I had a very difficult pregnancy with my third child and was hospitalised with severe pain for the final weeks as I was unable to walk.
Six weeks after giving birth at age 38 I was diagnosed with stage 4 bowel cancer. The pain I had been experiencing throughout my pregnancy was actually a bone metastasis on my pelvis.
I was dismissive of the pelvic pain after I gave birth as I had been experiencing it for many months and I was recovering from a caesarean and sleep deprived!
It was my husband who insisted that something was not right and ensured I followed it up with the doctor.
I had experienced no bowel symptoms, it was my pelvic pain that lead to an MRI. This initially showed a growth on the pelvic bone that lead to further CT scans, a CT guided biopsy and PET scan to get the whole picture.
I was told that I would be hit with every treatment possible as soon as possible given my age and relative good health. The aim was to shrink the cancer down to a point that I would then be able to have surgery.
Over the next two weeks the doctors stayed true to their word and hit me with a colonoscopy, two rounds of radiation on my pelvis and the first round of chemo, four different types that I got to “wear” for 48 hours.
This was quite hellish, but at the time I could not get each treatment or procedure quick enough as I was busting to get in and smash it.
From what was an extremely challenging time I began to experience the first of many wins.
- The biomarkers of the primary tumour were tested and revealed I was able to receive an additional form of chemo that targets the bowel tumour and cuts off its blood supply (yey!). I believe this type of chemo has only been around for the last 6-7 years.
- The radiation dealt with my pain and over coming weeks my bone started to heal
- The chemo was heavy going and lasted for 6 months. By January my tumour markers had halved and consistently fell until 12 months on they are back in the normal range.
- I have had 8 months of chemo and three different rounds of radiation on my pelvis, bowel and lungs
- The Multi-disciplinary team were constantly reviewing my progress to see what the next best step would be and always giving me great hope.
I know everyone’s treatment and experience is different but chemo I think sucks for everyone. It is a very strange feeling counting down until your next treatment and almost getting excited as it’s another step closing to killing the cancer, but at the same time knowing it will mean you are going to feel pretty sick and unable to look after your children again.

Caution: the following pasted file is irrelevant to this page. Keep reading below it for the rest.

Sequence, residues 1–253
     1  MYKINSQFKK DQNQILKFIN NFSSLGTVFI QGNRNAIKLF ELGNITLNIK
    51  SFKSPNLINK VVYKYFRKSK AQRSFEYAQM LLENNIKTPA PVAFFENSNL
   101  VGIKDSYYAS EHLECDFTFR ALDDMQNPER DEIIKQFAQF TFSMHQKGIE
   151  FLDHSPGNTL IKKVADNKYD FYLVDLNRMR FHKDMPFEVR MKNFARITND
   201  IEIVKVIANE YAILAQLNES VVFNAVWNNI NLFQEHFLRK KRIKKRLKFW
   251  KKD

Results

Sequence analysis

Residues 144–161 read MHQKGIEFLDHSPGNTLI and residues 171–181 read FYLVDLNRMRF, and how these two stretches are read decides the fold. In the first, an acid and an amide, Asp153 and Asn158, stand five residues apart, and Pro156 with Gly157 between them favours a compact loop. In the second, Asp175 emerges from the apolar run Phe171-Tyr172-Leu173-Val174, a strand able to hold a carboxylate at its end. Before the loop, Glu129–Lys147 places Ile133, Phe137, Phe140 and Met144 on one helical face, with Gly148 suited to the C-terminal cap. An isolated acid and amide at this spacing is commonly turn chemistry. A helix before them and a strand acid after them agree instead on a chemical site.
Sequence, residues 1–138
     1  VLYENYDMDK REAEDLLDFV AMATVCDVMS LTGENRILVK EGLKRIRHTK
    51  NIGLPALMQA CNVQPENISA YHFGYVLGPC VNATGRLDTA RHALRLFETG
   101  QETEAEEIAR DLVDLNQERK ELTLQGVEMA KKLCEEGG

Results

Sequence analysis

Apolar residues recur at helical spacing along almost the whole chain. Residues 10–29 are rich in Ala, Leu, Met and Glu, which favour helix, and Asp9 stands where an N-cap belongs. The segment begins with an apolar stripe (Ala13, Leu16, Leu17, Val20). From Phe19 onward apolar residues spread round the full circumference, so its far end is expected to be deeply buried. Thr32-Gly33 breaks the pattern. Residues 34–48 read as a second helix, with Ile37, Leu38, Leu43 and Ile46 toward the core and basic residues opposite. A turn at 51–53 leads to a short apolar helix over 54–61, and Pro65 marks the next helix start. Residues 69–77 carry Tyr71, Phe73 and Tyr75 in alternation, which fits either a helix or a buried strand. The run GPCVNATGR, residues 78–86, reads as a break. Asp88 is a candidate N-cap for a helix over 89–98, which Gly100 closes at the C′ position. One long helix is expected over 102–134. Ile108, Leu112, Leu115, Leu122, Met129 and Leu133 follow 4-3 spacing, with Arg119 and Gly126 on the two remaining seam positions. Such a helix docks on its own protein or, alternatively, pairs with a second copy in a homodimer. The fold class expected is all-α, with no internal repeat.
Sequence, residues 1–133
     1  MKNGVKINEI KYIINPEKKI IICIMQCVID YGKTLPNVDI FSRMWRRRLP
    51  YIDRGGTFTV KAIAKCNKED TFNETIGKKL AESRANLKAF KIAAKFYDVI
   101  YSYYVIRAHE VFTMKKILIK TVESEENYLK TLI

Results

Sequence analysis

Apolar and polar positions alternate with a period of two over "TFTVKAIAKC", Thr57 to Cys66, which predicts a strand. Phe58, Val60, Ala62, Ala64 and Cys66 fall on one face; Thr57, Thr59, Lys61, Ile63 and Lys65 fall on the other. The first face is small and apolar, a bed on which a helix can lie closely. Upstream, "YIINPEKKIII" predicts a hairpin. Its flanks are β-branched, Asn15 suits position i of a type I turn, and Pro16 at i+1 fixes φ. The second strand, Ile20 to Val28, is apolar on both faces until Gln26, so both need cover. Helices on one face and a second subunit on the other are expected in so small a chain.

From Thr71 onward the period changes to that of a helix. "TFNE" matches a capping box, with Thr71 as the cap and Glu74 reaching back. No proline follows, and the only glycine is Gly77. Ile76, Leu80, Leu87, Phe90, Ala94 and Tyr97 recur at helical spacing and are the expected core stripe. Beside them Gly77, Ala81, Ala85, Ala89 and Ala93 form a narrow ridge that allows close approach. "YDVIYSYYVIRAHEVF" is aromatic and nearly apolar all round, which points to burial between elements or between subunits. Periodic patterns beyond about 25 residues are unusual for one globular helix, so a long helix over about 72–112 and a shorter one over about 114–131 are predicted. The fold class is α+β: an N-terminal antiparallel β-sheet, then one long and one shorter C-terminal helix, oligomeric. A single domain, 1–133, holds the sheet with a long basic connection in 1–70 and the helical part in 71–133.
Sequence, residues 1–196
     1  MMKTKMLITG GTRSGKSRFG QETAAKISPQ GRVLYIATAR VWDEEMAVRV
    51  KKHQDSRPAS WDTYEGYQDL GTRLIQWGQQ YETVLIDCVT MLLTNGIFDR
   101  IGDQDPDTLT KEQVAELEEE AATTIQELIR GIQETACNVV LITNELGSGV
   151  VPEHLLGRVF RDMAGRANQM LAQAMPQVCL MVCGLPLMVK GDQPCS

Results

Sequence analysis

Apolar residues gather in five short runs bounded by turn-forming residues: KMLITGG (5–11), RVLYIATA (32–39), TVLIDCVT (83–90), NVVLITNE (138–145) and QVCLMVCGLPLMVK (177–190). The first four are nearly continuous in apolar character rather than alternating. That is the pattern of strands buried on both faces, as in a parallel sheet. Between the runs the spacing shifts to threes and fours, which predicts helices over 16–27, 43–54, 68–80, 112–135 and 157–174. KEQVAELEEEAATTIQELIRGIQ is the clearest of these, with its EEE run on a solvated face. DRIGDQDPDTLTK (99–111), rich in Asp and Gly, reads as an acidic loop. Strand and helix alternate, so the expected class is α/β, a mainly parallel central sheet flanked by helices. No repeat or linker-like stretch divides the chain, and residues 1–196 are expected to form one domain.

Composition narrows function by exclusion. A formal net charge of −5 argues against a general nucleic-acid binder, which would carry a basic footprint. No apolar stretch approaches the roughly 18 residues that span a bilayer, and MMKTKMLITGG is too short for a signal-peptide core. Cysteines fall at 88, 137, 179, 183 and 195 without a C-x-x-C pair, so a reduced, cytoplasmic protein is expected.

There have been many side effects some of which I’m still experiencing but are improving all the time. On a positive note I didn’t loose my hair and the gargling of bi-carb soda mouth rinse more than five times a day has the added benefit of teeth whitening!
I had a few things that helped me, every chemo treatment my husband came and sat with me whilst I was “hooked up” and returned with me while I was disconnected two days later. After a while these become routine appointments and you are tempted to go it alone. I found that as tough as I thought I was were generally the times that I needed support.
The day of every chemo treatment I came home and went for a walk whilst I was hooked up to the chemo. This was only a short walk around the block and my Mum or husband would need to walk with me but it helped mentally as I wanted the drugs to get pumping through my whole body and to seek and destroy any cancer cell in its path.
I have been ridiculously lucky and had a complete response to treatment to the point where I have not needed any surgery and the cancer is in remission.
I have seen the absolute best in people. The kindness of others is actually very overwhelming and needs to be celebrated more.
I knew I had the best husband, children, Mum and Dad and family but this has been proved multiple times more recently!
You hear the horror stories but not so much of the good news stories. Cancer can be similar to treating a chronic illness. I also assumed having cancer meant you would be very sick all the time however, if you are fortunate enough to get to remission you can actually live your normal life again.
And most importantly: You will be surprised. You will find strength you didn’t know you had, you will receive support from far and wide from family, friends and people you don’t even know yet.
We have world class medical services and you are in the best time and place to beat cancer and continue to live a long and fulfilled life.